Overcoming Our Cognitive Biases

We started a series on decision-making back in June when we introduced the concept of Level 1 and Level 2 thinking from Daniel Kahneman’s book “Thinking Fast and Slow.” 

The main goal of the series (Better Thinking..., ...Better DecisionsThe Fallacy of the Formula) was to explore how cognitive biases are formed and how they influence our decision-making.

The challenge with our cognitive biases is that they tend to influence us most at the extreme ends of the spectrum. And it’s at these extreme ends of the spectrum where we may need to ignore them the most, because all risky asset classes will experience long periods of underperformance.

The S&P 500 Index has experienced three separate periods where it underperformed riskless one-month Treasury bills for more than a dozen years (1929-1943, 1966-1982, and 2000-2012).

Any student of the market knows that longer periods of underperformance by risky assets are a necessity. If these periods never occurred, there would be no risk, and the risk premium would disappear.

The periods of underperformance essentially create the equity risk premium that investors capture when they choose to take on the random and unpredictable risk of the equity markets.

If The Markets Are Random and Unpredictable, How Should That Impact Our Decision-Making?

Mean reversion is the theory that security prices return to their long-term averages over time.

In every asset class, from bonds to stock to commodities, buying what is cheap leads to better outcomes because expensive stocks revert down to their mean over time while cheap stocks revert up to their mean over time. Unfortunately, that truth only holds up over longer periods of time.  Expensive stocks can get more expensive in the short-term while cheap stocks can get even cheaper.

Using the CAPE Ratio (the Cyclically Adjusted PE ratio from Robert Shiller) for the S&P 500, we can look back at periods of time when assets were expensive and times when assets were cheap.


Source: Macrotrends, Multiple.com and Telos Asset Management Company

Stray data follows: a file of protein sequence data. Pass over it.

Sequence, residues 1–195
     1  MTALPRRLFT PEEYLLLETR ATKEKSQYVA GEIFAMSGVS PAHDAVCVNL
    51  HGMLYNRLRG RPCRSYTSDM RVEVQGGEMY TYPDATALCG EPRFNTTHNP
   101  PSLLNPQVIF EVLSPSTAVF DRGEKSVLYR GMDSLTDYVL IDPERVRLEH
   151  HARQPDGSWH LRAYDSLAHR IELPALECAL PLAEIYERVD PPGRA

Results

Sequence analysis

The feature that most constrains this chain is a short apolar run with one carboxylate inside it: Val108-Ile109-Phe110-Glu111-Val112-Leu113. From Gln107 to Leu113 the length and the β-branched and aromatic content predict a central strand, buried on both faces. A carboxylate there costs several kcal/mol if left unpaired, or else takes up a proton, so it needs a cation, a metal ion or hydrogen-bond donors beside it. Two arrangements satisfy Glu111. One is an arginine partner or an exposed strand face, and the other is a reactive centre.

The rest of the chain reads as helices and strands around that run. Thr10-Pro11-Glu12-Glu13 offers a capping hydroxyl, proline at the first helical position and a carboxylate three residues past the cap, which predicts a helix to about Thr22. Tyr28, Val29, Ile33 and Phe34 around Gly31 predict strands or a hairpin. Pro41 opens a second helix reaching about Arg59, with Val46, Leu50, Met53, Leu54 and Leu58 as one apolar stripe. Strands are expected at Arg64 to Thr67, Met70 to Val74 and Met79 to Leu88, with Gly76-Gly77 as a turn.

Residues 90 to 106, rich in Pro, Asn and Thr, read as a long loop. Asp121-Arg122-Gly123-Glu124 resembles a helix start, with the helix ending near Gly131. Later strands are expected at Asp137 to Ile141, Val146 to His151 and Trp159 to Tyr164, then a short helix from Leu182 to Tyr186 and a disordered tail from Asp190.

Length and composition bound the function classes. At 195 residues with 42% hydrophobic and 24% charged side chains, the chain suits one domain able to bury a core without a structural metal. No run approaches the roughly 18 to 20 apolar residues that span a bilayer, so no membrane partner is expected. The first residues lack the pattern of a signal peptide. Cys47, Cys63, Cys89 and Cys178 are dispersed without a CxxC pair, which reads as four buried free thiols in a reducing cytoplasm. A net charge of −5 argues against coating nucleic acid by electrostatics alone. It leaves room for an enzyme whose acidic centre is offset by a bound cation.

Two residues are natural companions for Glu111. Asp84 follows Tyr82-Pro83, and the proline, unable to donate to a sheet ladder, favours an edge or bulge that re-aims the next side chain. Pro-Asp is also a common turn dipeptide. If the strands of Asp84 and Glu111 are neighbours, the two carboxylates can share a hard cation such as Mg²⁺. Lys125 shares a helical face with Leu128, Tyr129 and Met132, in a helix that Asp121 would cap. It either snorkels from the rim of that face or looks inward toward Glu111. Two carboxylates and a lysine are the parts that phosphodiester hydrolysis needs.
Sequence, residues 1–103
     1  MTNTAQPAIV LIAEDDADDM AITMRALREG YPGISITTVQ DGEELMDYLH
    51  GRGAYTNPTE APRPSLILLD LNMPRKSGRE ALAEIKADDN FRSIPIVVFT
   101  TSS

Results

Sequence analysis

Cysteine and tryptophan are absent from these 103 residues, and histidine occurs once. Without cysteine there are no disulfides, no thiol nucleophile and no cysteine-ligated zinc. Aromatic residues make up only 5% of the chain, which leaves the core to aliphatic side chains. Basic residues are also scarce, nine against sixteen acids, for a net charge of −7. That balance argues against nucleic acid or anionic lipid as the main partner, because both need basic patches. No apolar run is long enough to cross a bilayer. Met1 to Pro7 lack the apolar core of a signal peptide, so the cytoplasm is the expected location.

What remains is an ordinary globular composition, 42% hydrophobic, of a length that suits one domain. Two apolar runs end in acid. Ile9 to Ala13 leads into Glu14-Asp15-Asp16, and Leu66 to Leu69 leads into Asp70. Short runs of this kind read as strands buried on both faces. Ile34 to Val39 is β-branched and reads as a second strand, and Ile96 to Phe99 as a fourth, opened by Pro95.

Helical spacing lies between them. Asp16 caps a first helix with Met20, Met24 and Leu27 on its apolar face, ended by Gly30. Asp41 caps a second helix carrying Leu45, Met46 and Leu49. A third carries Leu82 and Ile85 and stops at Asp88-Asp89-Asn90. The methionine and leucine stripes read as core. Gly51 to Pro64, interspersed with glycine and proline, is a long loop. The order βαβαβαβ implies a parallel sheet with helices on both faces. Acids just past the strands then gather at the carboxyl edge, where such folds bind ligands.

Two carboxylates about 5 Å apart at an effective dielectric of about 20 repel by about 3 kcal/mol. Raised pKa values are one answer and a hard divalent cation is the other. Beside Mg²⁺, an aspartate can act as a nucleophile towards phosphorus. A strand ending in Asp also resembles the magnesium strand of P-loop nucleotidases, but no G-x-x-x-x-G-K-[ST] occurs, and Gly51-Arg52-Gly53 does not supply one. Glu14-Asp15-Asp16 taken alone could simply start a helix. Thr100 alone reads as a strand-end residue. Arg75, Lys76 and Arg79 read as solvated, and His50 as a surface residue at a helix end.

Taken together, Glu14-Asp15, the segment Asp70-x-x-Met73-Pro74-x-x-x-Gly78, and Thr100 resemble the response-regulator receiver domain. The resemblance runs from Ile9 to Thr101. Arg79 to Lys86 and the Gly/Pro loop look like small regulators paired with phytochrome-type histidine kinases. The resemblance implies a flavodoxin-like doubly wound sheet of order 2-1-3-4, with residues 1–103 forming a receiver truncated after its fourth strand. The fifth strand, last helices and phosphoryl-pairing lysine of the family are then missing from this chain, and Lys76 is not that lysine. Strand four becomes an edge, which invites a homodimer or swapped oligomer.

The CAPE ratio is a valuation measure that uses real earnings per share (EPS) over a 10-year period to smooth out fluctuations in corporate profits that occur over different periods of a business cycle. The ratio is generally applied to broad equity indices to assess whether the market is undervalued or overvalued.

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Source: Macrotrends, Multiple.com and Telos Asset Management Company

By inverting the CAPE ratio chart we can observe the direct relationship between price and future returns.  The following chart lines up the annualized 10-year forward returns of the S&P 500 with the CAPE ratio at the start of the period.

When the blue line is high, stocks are theoretically undervalued and their future return potential is high. When the blue line is low, stocks are theoretically expensive, and the potential for future returns is muted. 

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Source: Macrotrends, Multiple.com and Telos Asset Management Company

While these charts clearly prove that price matters, they do not address the value premium (the advantages of buying cheap stocks over expensive stocks). And unfortunately, there is little evidence that investors can accurately time the value premium or when the mean reversion will take place. That’s where patience and discipline come in.

And How Do We Overcome Our Cognitive Biases?

The key to overcoming our cognitive biases is to override them with a process that systematically allocates based on math and sound logic rather than human judgement.

Process-driven investing is nothing more than a long-term approach to putting capital at risk by owning a broad variety of asset classes, making periodic contributions and regularly rebalancing. The challenge with process-driven investing is that it requires an investor to focus on the investment process and not the short-term results.

That can be extremely difficult when the short-term results don’t coincide with the long-range return objectives. Over the long term, however, overcoming our cognitive biases with a good process should deliver more reliable outcomes with better results.